Posts Tagged ‘Parable of the Talents

01
Mar
12

where’s my unfair share?

When a man tells you that he got rich through hard work, ask him: ‘Whose?’ – Don Marquis

All this discussion of “fair share” in today’s political arena got me thinking about the Parable of Talents found in the Bible’s book of Matthew, Chapter 25. In this parable, a man gives each of his three servants a bag of property, some say gold coins. The number of bags given was based on each of the servant’s ability. The owner then went on a journey and later returned to see what his three servants had done with what he’d entrusted to them.

 The first servant, who was given five bags, used his talents to gain five more. The second, who was given two bags, used his talents to also double the owner’s initial investment. The third was given one bag. He was afraid and hid his bag in the earth and returned it to his master crying, “See, you still have what is yours.” The owner cursed him as slothful and even wicked, for not working with what he was given. The third servant’s rationale was, “I kept exactly what was given to me secure. Hence, there was no loss, so what’s the problem?”

The trouble with defining fair share is that everyone has a different definition. But this parable clearly illustrates the importance of hard work and investment for each individual. The owner did not take bags from the first and second servant and redistribute them to the third. In fact the owner did just the opposite and threw the third servant out into the darkness! The mentality of the third servant is what’s getting us into trouble. So many are content to take what is given them and not seek to render anything in return. As Arnold H. Glasgow said, “All some folks want is their fair share and yours.”

The third servant didn’t fail because he did not multiply what was left in his care; he failed because he was too afraid or too lazy to even try. The path to a tremendous life is not measured in end results or final numbers or bags of money, or titles, or even speaking trophies won, but in our commitment to living life’s continuous journey to its fullest.

The rewards reaped on the path to living tremendously can never be found on the streets of status quo. Whenever you feel that you’ve done enough and it’s time to rest on your laurels for a bit, remember, there is no such thing as status quo. Time can never be recovered, inflation defeats the worth of currency, and most truly great opportunities happen only once. Nothing static or dormant retains its original value. Decay and depreciation is a fact of life as evidenced in death and taxes.

Equal opportunity does not mean equal outcome. Having lived all over the world, I am amazed at how out of touch many of my countrymen have become. America offers all of its citizens, and even non-citizens, an abundance of opportunities in the form of schools, roads, parks, hospitals, and civic amenities. I am thankful for those more successful than me because they have given me the opportunity to rise up to their level. And I will never take what’s been given to me and not work hard to put it to use and multiply it. That’s my definition of fair share. Robin Hood was wrong.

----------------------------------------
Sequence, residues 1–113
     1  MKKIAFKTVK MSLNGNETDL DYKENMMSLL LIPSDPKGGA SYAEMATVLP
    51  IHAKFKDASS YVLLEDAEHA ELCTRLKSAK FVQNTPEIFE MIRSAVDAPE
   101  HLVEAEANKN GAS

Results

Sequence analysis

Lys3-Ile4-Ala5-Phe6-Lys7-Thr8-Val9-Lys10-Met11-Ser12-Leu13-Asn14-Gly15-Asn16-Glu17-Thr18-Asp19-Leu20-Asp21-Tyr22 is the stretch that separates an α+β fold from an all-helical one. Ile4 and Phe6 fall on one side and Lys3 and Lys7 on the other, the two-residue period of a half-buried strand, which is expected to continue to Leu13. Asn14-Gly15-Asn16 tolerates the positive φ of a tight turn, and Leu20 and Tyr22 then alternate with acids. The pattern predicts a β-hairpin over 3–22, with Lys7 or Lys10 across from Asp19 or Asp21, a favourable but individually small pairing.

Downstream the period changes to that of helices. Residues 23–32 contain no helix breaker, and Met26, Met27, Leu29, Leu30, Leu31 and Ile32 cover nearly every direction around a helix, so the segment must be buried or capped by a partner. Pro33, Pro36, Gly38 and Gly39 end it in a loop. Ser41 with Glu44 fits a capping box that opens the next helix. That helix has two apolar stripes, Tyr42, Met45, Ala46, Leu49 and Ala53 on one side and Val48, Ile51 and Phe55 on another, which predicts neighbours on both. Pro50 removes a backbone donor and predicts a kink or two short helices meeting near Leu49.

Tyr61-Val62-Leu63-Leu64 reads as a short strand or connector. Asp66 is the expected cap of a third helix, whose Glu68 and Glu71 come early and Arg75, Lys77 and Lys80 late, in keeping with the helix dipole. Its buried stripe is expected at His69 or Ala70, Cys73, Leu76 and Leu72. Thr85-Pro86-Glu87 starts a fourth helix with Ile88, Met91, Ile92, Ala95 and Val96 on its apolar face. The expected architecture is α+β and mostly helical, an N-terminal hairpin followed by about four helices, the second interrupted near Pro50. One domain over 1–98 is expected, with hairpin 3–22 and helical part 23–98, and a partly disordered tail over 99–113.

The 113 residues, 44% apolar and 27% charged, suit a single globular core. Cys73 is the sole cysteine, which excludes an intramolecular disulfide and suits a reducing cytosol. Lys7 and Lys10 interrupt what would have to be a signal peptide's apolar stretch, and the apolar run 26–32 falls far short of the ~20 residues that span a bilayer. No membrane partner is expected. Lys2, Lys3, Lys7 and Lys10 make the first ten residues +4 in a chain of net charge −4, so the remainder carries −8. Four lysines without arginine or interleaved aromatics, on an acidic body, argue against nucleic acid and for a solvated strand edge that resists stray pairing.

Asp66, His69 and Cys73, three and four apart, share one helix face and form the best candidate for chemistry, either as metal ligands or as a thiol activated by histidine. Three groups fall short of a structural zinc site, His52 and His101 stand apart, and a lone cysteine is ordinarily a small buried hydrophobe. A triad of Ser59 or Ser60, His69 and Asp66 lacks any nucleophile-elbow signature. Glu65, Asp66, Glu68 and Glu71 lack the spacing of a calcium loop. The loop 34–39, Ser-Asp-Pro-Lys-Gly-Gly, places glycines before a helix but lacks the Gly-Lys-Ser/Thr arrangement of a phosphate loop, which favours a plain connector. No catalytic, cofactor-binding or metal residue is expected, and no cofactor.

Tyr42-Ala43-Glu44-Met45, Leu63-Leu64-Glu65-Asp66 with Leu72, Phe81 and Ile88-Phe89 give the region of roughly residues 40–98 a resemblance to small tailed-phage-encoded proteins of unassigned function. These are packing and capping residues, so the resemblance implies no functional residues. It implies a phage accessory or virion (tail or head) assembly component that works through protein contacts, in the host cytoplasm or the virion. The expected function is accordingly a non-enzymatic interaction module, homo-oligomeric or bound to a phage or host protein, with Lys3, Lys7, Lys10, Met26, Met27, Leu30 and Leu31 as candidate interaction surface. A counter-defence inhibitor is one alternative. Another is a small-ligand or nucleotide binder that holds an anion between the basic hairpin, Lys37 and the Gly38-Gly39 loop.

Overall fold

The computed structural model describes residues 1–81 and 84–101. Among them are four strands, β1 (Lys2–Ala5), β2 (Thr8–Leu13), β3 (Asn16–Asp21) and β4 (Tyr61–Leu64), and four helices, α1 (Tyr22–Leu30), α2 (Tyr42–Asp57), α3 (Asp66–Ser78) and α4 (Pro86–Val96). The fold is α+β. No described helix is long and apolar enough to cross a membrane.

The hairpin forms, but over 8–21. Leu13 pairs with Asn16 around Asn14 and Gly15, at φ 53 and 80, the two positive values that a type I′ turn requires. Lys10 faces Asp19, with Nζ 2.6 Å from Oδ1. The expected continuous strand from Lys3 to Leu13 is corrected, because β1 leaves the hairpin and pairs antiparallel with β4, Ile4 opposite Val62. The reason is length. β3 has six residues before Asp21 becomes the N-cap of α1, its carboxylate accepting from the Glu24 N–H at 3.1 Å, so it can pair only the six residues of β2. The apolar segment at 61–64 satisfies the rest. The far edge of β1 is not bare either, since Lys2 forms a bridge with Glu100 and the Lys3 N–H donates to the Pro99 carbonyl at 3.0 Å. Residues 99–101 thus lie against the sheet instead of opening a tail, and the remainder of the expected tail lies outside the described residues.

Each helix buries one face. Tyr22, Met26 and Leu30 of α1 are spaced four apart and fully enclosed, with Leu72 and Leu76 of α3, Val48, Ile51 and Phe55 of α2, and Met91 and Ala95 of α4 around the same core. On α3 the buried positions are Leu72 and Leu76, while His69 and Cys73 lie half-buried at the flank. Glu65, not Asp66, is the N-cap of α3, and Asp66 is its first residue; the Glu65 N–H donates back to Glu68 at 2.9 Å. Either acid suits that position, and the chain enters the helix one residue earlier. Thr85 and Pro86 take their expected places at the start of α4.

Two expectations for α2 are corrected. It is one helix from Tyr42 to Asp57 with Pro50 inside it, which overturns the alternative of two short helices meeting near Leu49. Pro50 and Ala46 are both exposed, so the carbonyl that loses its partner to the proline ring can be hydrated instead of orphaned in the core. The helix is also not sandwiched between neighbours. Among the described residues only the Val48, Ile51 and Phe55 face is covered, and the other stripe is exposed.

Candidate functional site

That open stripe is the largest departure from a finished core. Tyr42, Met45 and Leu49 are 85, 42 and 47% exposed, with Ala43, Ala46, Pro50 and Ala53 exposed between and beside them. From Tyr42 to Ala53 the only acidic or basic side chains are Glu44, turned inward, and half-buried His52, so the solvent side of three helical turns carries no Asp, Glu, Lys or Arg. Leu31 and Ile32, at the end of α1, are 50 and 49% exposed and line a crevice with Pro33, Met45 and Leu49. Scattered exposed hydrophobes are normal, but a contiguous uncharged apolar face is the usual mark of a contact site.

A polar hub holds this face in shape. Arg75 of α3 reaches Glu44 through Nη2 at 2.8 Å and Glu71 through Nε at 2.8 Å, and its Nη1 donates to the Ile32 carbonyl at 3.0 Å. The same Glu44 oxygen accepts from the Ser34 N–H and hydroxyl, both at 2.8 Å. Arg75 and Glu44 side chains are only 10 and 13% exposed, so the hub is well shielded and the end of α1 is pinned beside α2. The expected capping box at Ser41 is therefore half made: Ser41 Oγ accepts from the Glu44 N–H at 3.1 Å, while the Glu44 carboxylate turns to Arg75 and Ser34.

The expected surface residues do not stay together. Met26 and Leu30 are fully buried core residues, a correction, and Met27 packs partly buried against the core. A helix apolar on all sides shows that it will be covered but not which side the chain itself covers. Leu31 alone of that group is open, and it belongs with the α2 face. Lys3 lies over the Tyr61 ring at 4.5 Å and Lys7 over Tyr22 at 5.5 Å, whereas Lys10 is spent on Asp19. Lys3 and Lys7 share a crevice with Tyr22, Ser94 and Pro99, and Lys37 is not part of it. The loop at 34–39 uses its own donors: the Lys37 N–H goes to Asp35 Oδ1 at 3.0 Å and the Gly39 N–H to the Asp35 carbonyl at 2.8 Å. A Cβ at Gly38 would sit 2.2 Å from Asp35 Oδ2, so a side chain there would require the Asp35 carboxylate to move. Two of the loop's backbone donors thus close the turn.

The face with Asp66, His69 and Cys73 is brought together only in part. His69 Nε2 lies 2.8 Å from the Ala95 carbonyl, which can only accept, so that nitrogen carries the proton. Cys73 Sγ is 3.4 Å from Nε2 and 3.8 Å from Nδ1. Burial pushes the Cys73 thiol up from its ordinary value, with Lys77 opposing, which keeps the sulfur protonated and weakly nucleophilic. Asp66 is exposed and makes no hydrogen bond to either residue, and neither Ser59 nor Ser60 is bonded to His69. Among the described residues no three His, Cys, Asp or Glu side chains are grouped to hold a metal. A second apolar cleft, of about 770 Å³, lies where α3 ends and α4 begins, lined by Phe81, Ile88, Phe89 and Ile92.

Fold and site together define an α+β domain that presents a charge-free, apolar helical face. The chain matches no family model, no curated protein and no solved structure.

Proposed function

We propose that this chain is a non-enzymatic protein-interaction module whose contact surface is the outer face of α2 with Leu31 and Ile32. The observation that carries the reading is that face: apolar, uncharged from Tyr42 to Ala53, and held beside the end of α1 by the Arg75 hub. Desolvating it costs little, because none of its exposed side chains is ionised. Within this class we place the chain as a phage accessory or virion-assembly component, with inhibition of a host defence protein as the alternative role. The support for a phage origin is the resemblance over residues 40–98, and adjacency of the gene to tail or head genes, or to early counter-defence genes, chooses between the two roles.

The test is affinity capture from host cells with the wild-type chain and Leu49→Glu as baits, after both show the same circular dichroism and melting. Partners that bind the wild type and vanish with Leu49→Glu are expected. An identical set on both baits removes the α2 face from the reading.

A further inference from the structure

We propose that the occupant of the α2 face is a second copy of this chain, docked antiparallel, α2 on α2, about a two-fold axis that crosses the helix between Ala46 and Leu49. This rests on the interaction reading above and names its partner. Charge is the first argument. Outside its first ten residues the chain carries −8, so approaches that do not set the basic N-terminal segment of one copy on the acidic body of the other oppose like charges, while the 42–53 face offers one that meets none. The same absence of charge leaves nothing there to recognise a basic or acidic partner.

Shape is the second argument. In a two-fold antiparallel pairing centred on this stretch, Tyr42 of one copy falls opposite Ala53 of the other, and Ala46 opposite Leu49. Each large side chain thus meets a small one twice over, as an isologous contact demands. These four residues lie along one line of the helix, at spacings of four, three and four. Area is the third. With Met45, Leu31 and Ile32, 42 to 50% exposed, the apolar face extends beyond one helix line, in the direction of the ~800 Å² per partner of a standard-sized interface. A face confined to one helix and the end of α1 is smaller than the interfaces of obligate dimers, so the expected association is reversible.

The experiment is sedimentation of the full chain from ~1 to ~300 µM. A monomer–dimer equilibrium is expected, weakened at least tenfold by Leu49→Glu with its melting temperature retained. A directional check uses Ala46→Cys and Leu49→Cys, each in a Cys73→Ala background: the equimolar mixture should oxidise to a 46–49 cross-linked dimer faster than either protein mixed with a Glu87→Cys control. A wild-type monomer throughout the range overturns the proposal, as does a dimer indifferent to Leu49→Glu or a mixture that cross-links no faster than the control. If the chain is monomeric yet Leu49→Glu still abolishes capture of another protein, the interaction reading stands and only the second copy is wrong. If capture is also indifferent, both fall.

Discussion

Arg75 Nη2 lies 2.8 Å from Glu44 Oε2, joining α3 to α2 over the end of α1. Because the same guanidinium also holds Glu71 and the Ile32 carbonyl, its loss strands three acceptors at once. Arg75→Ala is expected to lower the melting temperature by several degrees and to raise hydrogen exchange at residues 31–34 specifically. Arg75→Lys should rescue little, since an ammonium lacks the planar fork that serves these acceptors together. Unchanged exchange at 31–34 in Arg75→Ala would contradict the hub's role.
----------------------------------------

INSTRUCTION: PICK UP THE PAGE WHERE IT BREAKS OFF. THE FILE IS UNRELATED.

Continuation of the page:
19
Apr
11

just say no to the status quo

The Parable of Talents found in the book of Matthew, Chapter 25, is one of my favorite illustrations of conquering the fear that prevents us from achieving excellence. In the parable, a man gives each of his three servants a bag of property, some say it was gold. The number of bags given was based upon each of the servants’ ability. The owner then went on a journey and returned to see what his servants have done with what was entrusted to them.

 The first servant, who was given five bags, used his talents to gain five more. The second, who was given two bags, used his talents to also double the owner’s initial investment. The third was given one bag. He was afraid and hid his bag in the earth and returned it to the master crying, “See, you still have what is yours.” The owner cursed him as slothful, and even wicked, for not working with what he was given. The third servant’s rationale was, “I kept exactly what was given to me secure. Hence, there was no loss, so what’s the problem?”

This, “no harm, no foul” mentality gets us into trouble. The third servant didn’t fail because he did not multiply what was left in his care; he failed because he was too afraid to even try. The path to excellence is not measured in titles or cars or bottom lines or bags of money, but in our commitment to living life’s continuous journey to its fullest. And the last gentleman, unfortunately, chose to stay put.

The rewards reaped on the path to excellence are never found on the streets of status quo. And by the way, whenever you feel that you’ve done enough and it’s time to rest on your laurels for a bit, remember, there is no such thing as status quo. Time can never be recovered, inflation defeats the worth of currency, and most great opportunities only happen once. Nothing static retains its original value. Decay and depreciation is a fact of life as sure as death and taxes.

So if we’re not living the most excellent versions of ourselves, we know exactly whom to blame.




Tremendous Tracey


CEO Tremendous Life Books. Book Evangelist

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